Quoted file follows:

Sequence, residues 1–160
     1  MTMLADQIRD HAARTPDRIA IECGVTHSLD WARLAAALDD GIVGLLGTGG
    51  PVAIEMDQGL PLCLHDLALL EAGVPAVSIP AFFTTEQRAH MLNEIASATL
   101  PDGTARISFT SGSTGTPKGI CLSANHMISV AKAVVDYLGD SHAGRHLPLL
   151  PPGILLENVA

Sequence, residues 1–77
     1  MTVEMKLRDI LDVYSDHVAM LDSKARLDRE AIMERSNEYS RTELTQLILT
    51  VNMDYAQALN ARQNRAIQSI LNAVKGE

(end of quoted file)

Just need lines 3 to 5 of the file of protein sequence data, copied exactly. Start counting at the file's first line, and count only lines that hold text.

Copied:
    51  PVAIEMDQGL PLCLHDLALL EAGVPAVSIP AFFTTEQRAH MLNEIASATL
   101  PDGTARISFT SGSTGTPKGI CLSANHMISV AKAVVDYLGD SHAGRHLPLL
   151  PPGILLENVA